This movie is real life


Bane (Tom Hardy) and Batman (Christian Bale) fight in the streets of Gotham in The Dark Knight Rises.

By Sarah Contreras

I never thought a superhero movie would make me feel as much as I felt this weekend.

Ever since The Dark Knight, the second installment in director Christopher Nolan’s take on the Batman saga, hit theaters four years ago, fanboys and film lovers alike have waited with bated breath for the trilogy’s closer. Now, The Dark Knight Rises is here, and it delivers on The Dark Knight’s promises in ways both expected and unexpected.

I expected to be wowed. I expected that Nolan’s taste for grandeur and complexity would run unbridled through his third and final Batman film. Soaring aerial shots, massive explosions, streamlined buildings and costumes — none of these elements surprised me (though they made me very, very happy). I anticipated a nerve-shattering score from composer Hans Zimmer and knockout performances from the film’s roster of celebrated actors (I admit that Anne Hathaway’s performance was deliciously surprising).

What I did not expect, however, was to walk out of the theater emotionally drained.

After the excitement of seeing the movie settled (four whole years!), I found myself presented with a film filled with relatability. There was so much in The Dark Knight Rises that tugged on my empathy strings that, after only a few minutes, I stopped wondering if the emotional punches were deliberate.

Eight years after the “murder” of their assumed hero, Harvey Dent (Aaron Eckhart), the people of Gotham feel a sense of calm, of security. The riffraff and scalawags are off the streets. Nothing bad is going to happen anymore, not after they’ve survived the Joker (Heath Ledger) and his reign of terror. They do not expect another villain to terrorize their streets and are blindsided when one shows up demanding a revolution. I understood this false lull. There have been so many points in my own life where I have thought, “I am safe. The worst is over.” Like the Gothamites, I understood having that safety net ripped out from under me.

Like Bruce Wayne (Christian Bale), I know how it is to be scared of failure. His attempts to do good, through Batman and through Wayne Enterprises, failed spectacularly, and he is afraid to put himself out there again. I’ve nursed a wounded heart and ego before, and I related to his retreat. Like Selina Kyle (Anne Hathaway), I know what it is like to be desperate for a fresh beginning. And like Officer John Blake (Joseph Gordon-Levitt), I know first hand what it’s like to lose parents, homes and faith.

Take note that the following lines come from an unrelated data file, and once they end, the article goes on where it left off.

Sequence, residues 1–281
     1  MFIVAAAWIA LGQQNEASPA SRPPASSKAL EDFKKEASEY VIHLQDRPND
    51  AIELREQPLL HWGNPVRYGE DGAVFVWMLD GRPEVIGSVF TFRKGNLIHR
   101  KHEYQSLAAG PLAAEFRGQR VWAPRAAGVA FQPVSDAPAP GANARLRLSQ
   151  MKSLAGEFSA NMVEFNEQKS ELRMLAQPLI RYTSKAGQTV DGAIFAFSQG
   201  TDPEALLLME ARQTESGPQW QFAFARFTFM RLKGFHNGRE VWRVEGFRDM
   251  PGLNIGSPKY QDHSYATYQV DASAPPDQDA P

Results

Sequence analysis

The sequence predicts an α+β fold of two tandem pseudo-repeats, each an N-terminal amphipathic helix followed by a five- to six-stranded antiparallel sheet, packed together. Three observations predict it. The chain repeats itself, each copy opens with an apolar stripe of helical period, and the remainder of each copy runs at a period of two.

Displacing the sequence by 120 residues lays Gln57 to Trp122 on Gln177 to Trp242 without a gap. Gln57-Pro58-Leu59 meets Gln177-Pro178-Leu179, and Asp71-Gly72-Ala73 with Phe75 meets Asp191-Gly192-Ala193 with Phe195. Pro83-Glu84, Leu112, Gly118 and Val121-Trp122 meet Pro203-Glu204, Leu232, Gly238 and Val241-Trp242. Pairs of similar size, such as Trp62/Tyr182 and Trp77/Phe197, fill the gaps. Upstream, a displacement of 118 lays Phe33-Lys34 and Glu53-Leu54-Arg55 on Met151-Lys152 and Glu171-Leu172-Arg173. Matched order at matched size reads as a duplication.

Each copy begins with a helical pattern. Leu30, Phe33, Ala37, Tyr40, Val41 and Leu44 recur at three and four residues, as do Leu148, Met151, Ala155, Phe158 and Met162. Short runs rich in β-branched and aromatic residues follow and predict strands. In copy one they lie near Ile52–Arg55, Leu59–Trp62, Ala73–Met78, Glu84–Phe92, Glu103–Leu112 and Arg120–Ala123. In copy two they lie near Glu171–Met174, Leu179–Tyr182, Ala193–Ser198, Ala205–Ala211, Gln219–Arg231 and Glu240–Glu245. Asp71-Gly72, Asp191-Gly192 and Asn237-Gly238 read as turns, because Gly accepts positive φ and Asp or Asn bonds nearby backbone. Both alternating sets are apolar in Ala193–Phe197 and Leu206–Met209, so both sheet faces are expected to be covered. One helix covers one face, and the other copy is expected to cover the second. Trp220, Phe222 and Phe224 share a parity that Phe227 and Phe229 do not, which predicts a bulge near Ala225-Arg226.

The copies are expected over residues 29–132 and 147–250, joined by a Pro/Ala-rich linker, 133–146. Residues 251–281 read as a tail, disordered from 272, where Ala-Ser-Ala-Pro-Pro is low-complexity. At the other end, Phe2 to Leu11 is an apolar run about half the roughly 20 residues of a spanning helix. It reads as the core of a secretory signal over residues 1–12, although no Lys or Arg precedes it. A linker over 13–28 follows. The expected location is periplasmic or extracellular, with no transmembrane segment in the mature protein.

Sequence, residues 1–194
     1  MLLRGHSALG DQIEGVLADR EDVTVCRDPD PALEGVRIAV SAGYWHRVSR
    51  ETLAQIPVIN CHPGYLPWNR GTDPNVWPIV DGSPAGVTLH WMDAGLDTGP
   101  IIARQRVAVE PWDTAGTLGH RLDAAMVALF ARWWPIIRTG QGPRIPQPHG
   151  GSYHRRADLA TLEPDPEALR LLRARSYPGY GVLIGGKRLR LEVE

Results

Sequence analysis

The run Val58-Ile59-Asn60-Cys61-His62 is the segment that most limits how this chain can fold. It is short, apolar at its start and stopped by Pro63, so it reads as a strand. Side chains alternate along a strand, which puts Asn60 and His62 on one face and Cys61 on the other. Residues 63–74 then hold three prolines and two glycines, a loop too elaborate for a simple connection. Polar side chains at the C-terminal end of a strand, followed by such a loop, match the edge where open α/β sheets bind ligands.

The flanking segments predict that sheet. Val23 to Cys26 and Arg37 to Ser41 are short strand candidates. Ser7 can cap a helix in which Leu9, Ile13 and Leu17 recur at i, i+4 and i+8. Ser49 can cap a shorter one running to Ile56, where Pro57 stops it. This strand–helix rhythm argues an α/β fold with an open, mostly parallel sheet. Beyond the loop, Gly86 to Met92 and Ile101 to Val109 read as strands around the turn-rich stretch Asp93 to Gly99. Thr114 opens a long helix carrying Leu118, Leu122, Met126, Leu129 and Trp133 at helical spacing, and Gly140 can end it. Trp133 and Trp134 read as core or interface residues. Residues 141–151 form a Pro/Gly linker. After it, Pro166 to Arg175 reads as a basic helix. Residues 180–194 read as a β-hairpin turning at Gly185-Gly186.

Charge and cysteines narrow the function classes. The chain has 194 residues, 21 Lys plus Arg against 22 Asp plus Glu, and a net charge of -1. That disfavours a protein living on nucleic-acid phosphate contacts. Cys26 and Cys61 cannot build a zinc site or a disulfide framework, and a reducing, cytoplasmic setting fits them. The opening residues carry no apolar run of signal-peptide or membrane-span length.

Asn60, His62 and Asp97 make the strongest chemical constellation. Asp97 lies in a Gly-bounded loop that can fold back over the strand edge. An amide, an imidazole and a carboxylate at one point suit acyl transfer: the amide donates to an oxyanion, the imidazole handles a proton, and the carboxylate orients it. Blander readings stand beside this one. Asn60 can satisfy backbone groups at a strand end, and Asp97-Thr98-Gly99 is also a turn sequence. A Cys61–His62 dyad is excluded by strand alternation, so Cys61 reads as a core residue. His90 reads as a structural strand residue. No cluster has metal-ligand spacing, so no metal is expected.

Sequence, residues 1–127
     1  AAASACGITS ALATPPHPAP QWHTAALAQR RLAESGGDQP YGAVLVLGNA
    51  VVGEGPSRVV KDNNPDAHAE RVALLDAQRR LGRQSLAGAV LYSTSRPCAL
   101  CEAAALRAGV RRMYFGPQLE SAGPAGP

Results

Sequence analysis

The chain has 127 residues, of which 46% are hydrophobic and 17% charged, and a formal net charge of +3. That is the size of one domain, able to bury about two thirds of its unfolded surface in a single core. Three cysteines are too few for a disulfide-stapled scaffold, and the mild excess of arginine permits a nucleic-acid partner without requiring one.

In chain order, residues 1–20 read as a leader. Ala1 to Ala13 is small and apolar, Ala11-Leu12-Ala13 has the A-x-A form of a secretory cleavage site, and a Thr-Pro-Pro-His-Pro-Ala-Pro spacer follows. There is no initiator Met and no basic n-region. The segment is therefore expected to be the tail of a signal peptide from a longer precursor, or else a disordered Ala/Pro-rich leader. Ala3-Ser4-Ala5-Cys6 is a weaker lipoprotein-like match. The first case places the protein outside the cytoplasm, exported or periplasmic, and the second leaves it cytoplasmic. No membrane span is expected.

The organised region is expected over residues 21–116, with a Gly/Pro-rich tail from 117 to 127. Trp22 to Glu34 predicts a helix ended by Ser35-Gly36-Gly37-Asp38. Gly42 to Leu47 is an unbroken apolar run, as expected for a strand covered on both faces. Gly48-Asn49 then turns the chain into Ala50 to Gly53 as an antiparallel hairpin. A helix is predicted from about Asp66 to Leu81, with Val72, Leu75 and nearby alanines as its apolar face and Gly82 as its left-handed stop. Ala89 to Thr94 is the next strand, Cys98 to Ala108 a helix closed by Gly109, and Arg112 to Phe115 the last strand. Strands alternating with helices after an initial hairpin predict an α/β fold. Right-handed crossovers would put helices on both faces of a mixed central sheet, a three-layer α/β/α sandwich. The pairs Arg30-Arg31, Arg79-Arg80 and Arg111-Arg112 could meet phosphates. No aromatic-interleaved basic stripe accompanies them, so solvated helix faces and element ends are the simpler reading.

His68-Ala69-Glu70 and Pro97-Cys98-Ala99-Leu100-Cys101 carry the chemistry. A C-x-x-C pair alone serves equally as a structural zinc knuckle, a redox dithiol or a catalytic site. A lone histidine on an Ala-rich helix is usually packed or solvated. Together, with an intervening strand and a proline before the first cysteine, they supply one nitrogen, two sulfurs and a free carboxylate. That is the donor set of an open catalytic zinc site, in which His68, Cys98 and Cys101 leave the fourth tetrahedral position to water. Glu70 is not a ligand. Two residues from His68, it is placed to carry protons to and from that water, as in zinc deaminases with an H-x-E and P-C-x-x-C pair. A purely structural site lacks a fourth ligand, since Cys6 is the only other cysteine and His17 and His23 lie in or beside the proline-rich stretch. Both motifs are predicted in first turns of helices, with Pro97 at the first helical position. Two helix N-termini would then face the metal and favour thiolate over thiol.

And, oh, did I understand the movie’s central call for change. Gotham is once again put under siege by a lunatic, but, unlike the Joker, this lunatic has a strong set of beliefs. Bane (Tom Hardy) unleashes complete anarchy on the city in order to “restore” a natural balance for all of its citizens. He craves a utopia, a community without decadence and waste, without social inequality. Bane goes about it in the wrong way of course, but it is easy to empathize with his end game. I’ve watched social inequality positively ruin lives and dreams, and there have been countless times when I have cried out for justice and peace.

Nolan’s agenda is anything but subtle. Within his Batman saga, he has created art hell-bent on forcing introspection. Nolan refuses to let his audience sit complacent with the way the world is. When you strip away the score, the acting and the large-scale visual elements, The Dark Knight Rises is a movie which turns the spotlight onto the viewer and asks, “When the bad things happen, what are you going to do about it?” We can run, we can hide or we can rise from our ashes. The choice is up to us.